On losing streak in courts, Obama admin goes after nuns’ TV network with abortion drugs mandate
February 10, 2015 (Bound4Life.com) -- In the latest federal court case impacting abortion policy, last Wednesday the voice of the Eternal Word Television Network (EWTN) was finally heard as they presented oral arguments against the Obama Administration at the 11th Circuit Court of Appeals.
The face of the Obamacare juggernaut, HHS Secretary Sylvia Mathews Burwell, is set on enforcing the highly-contested contraceptive services provision, which mandates coverage of abortion-inducing drugs — despite the federal government racking up a series of recent Supreme Court losses on this issue.
Attorney Daniel Blomberg of The Becket Fund for Religious Liberty, representing EWTN in court, notes, “They lost three times at the U.S. Supreme Court regarding this issue of the abortifacient mandate.”
In EWTN v. Burwell, heard last Wednesday, the Catholic media standard-bearer challenges a key provision in the Affordable Care Act — a.k.a. “Obamacare”— which requires even Catholic-run EWTN to cover the cost of abortion-inducing drugs and sterilization procedures in employer-sponsored health care plans… or face massive government fines.
While religious organizations are supposedly “exempt” from the mandate, neither EWTN nor the Little Sisters of the Poor are deemed “religious enough” for the exemption.
The Little Sisters of the Poor await a decision from the 10th Circuit Court of Appeals in Denver, one of the significant federal cases pro-life advocates are watching closely.
Cloistered nun Mother Angelica founded Eternal Word Television Network (EWTN) in 1981, with an unwavering mission to serve the Catholic Church and broadcast its teachings.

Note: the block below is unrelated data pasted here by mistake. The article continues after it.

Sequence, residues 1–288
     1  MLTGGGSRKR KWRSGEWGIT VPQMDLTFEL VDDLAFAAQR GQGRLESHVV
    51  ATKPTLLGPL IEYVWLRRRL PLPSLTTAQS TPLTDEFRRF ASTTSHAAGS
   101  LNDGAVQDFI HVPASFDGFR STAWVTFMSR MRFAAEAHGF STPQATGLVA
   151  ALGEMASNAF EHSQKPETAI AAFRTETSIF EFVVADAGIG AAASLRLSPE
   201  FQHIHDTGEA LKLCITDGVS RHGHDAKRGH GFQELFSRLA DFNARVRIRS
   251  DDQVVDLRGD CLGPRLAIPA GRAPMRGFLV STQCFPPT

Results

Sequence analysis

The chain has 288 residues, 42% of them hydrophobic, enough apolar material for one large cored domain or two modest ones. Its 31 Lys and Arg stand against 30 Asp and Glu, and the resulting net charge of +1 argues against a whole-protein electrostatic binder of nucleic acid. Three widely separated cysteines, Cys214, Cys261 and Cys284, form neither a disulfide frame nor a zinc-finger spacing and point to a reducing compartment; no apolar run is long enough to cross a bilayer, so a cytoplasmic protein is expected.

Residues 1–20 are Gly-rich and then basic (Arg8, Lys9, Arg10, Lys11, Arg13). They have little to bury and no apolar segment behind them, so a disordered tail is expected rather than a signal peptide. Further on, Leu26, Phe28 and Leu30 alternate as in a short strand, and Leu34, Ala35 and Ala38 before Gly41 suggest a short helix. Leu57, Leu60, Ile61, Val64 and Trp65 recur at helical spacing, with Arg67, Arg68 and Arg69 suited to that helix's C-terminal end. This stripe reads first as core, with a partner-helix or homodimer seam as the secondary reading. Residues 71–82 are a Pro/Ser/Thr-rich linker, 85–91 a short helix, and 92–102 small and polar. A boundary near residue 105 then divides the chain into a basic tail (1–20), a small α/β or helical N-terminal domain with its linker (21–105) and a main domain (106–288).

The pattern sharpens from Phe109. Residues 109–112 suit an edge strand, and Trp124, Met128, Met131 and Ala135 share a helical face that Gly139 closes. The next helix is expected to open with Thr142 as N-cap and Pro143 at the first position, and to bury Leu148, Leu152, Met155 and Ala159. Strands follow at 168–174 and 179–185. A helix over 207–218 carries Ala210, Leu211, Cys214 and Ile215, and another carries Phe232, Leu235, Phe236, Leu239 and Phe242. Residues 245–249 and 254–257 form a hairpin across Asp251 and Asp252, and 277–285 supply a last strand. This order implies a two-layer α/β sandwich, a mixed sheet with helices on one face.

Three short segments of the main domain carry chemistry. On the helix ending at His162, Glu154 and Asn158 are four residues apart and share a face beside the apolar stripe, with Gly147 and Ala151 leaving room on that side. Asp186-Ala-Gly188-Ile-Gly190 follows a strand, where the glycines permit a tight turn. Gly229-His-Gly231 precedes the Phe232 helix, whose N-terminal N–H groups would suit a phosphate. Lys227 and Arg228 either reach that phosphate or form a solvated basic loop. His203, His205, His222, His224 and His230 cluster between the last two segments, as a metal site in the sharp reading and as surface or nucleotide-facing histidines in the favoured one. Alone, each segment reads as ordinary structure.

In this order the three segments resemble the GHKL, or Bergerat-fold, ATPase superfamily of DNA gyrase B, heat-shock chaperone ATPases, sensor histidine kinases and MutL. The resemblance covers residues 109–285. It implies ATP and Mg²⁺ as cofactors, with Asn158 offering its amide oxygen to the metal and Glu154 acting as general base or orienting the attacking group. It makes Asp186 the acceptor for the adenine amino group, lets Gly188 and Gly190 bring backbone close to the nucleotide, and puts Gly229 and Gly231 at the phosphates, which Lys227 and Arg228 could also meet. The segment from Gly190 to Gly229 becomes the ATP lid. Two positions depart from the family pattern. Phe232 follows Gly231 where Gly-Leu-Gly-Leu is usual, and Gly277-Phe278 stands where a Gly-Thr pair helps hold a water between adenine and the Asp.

Not formally affiliated with any diocese, the nonprofit EWTN has become the world’s largest religious media network. To comply with the HHS abortion-related mandate would be a clear violation of deeply held religious convictions — that every life, including of a pre-born baby developing in the womb, has precious value and is worthy of legal protection.
As EWTN challenges the Obama Administration’s mandate, an important question emerges: will these three judges have a sympathetic ear on the issues of life and religious liberty?
In a new interview, EWTN General Counsel John Manos indicates that two of the three 11th Circuit judges seemed receptive to their claims regarding free exercise of religious beliefs.
The two senior judges, Robert Lanier Anderson and Gerald Tjoflat, were appointed to serve federal courts decades ago and are considered moderate by many observers. Judge Jill Pryor is the newest addition to the 11th Circuit Court of Appeals, appointed by President Obama in 2014.
Manos said there is one question often ignored by media reporting on these cases: “Where do individuals who don’t want to pay for this go to get their health insurance?” Under current policy, even the government’s eighth attempt at religious accommodation triggers insurance provisions for abortion-related services.
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With over 140 religious nonprofit groups seeking relief from the HHS abortion-related mandate, knowing when the U.S. Supreme Court will weigh in becomes only a matter of time and sequence.
“Whether it’s this term or next term, one of these cases is going to get to the Supreme Court,” said Michael Carvin of Jones Day, one of the legal firms involved in these cases. “Because the stakes are very important.” Clearly these challenges to the HHS mandate are pivotal in the fight to protect religious liberties in America.
A recent video tells the story of Eternal Word Television Network, revealing why it is vital for this faith-based nonprofit to be able to practice what it preaches:
Marisa Lengor Kwaning is a writer, editor and health policy analyst who resides in Washington, D.C. She has worked in public health, disaster management, as well as foreign and domestic health policy. She earned a Masters degree in Public Policy from George Mason University and currently consults at Final Draft:Writing Services. This article is reprinted with permission from Bound4Life.